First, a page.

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Wucai Ware (meaning 5 colors or enamels). The number 5 is special in Chinese culture. The lids of many jars have been broken or lost, so often you’ll find intricately carved wooden lids as substitutes for the original.

More than Just Decorative

One of my favorite uses for ginger jars is when they are transformed into lamps. I also love when they’re used as vases.

A ginger jar from Singapore made into a lamp. Not your typical blue and white either!
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The white oval in the middle of the cherry blossom design on this lamp is called a ‘window.’ Two Fu guardian lions guard heaven at its center.

Where to Find Them?

Of course, now you can find ginger jars everywhere from Homegoods to Pottery Barn to Restoration Hardware. They’re ubiquitous. But c’mon, what’s the fun in that?  Isn’t it much more satisfying finding those great vintage pieces that have a little history to them? I’m not saying we invest in collecting true antique Chinese porcelain (unless of course you and your wallet are up for that!).  But I do love the hunt for ginger jars that have been around the block a few times, that hold some stories and will add wonderful layers of personality to your home. That’s what we’re looking for!

So, here are some fantastic places to start (or continue) your search:

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Photo via Ashlyn Goldberg (Instagram)

Ashlyn Goldberg @ashlyngoldberg: I met Ashlyn through the amazing online community that is Instagram. She has a beautiful home and a knack for thrifting fabulous finds (follow her if you like bamboo, textiles, art…you get the picture!). She holds periodic INSTASALES through instagram. Be sure to tune in to her next sale, scheduled for Saturday, June 23rd! This one will be featuring quite a bit of the blue and white stuff we all love!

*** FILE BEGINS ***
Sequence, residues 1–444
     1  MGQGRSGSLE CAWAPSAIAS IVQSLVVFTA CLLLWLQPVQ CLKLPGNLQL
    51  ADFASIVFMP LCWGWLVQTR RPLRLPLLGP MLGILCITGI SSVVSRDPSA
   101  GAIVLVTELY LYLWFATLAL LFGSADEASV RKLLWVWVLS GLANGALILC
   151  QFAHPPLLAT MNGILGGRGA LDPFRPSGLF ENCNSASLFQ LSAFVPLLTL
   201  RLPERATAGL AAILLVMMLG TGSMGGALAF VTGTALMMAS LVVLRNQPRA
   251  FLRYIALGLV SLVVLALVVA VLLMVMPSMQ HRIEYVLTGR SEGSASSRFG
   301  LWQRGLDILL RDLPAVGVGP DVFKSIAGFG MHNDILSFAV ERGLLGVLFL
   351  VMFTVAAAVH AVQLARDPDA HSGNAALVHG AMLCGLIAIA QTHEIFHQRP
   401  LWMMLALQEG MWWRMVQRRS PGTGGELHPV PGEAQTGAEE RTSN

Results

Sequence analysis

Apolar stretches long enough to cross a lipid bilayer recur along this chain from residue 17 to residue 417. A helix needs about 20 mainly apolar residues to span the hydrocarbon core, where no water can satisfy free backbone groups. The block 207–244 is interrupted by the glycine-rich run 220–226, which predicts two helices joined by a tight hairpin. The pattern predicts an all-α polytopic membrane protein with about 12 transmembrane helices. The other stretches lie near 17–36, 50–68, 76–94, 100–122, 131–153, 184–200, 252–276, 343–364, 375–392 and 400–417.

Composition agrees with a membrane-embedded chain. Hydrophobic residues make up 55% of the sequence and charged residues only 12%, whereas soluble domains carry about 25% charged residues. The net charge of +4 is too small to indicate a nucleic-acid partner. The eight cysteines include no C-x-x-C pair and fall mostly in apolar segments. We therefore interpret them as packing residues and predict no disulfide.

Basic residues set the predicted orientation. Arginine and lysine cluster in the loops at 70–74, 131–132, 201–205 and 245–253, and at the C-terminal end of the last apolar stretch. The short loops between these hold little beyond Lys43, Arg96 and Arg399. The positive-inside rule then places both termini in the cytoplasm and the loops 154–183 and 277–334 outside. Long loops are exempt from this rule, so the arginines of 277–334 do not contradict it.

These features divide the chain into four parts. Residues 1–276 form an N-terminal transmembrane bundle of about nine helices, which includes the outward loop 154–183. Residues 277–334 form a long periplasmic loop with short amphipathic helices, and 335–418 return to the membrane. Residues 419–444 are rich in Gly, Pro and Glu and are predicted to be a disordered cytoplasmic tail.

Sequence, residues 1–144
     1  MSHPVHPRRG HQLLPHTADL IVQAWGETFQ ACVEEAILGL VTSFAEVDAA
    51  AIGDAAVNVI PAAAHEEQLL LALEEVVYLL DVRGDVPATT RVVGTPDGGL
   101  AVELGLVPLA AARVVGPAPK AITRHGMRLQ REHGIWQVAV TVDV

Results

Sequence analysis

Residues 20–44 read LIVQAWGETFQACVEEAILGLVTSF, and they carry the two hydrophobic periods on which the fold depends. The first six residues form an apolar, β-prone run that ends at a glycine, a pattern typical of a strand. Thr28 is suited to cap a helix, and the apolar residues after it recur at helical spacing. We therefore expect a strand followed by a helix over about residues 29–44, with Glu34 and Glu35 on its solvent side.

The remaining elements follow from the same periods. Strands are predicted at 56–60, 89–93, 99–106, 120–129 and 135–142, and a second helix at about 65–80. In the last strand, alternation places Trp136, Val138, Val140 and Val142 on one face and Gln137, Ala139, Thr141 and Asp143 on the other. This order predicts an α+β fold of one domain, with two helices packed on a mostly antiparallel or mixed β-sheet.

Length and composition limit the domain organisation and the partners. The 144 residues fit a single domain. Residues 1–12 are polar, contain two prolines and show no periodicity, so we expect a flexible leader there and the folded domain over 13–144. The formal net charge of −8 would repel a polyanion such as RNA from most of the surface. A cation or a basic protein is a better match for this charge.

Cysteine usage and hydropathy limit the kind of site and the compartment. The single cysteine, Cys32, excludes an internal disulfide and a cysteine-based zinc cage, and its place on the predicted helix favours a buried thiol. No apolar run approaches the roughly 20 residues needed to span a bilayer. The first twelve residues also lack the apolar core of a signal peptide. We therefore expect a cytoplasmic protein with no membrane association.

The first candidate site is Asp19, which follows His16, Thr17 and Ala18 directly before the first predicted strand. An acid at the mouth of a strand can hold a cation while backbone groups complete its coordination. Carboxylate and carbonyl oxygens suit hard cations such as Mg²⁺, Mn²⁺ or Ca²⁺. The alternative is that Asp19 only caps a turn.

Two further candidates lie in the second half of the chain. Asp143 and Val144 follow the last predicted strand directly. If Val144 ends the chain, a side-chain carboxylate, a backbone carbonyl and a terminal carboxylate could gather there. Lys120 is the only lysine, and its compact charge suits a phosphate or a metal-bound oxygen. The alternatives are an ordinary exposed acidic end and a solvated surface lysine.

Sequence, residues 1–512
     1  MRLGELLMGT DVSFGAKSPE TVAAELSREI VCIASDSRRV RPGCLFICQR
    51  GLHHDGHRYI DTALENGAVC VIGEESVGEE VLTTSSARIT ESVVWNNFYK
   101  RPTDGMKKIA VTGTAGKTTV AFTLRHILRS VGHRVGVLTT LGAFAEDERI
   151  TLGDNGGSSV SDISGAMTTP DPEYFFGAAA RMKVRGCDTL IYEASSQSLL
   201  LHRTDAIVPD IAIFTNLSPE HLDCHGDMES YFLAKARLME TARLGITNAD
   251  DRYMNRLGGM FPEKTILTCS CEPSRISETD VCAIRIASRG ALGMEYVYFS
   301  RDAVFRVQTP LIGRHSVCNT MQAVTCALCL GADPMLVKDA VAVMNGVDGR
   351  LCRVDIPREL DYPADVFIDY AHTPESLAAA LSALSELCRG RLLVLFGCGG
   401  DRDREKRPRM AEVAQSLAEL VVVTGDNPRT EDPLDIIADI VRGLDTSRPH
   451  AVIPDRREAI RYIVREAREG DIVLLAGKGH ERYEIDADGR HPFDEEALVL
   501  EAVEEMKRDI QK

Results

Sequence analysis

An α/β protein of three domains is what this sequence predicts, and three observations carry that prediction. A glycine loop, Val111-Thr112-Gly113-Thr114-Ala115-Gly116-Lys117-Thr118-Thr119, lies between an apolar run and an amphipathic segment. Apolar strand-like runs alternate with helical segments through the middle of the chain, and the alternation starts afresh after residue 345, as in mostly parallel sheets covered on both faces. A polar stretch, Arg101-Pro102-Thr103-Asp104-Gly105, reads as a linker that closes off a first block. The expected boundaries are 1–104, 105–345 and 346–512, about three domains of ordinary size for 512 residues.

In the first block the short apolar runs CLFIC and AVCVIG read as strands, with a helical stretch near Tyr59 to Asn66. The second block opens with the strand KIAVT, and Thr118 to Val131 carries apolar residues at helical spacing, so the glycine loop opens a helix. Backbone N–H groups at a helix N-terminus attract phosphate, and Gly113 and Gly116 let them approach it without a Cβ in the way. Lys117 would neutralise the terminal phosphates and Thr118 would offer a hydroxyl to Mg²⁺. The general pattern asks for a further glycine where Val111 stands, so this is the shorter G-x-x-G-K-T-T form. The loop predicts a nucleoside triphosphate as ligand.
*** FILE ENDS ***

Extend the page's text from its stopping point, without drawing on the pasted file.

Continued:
J Cline Vintage J Cline Vintage: J Cline Vintage is another contact I made through Instagram. Jennifer sells her collected and curated wares through her Instagram account as well. It includes a wide variety of Chinoiserie decor that I know you’ll love.

Finding Joy Vintage You can follow Finding Joy Vintage on Instagram and shop her on Etsy  for “Classic yet current home decor finds” (including a nice selection of ginger jars and the like).

Oriental Collectibles: An Etsy shop featuring Chinese, Japanese, and other Asian ceramics, art and collectibles.

High Street Market: O.k., so maybe this online store doesn’t always sell vintage, but they’ve got a great selection of blue and white (and other enviable home goods!).

The Pink PagodaOne more good online resource for blue and white (not vintage, but had to throw it in here!).

And of course, some of the best and most rewarding finds will come from your own estate sale sleuthing. So get out there and enjoy the hunt. Your home will thank you, I promise.

I know I’ve only scratched the surface of places online to buy ginger jars, so if you have other great resources you’d recommend please include them in the comment sections.

Before I leave, I’d like to give a big thank you to my mother in law, Becky Dulac, for sharing her knowledge on ginger jars with me for this post (and for sharing some of her beautiful collection with me so I could photograph it!).

Thanks for stopping by!


Would love to hear your thoughts!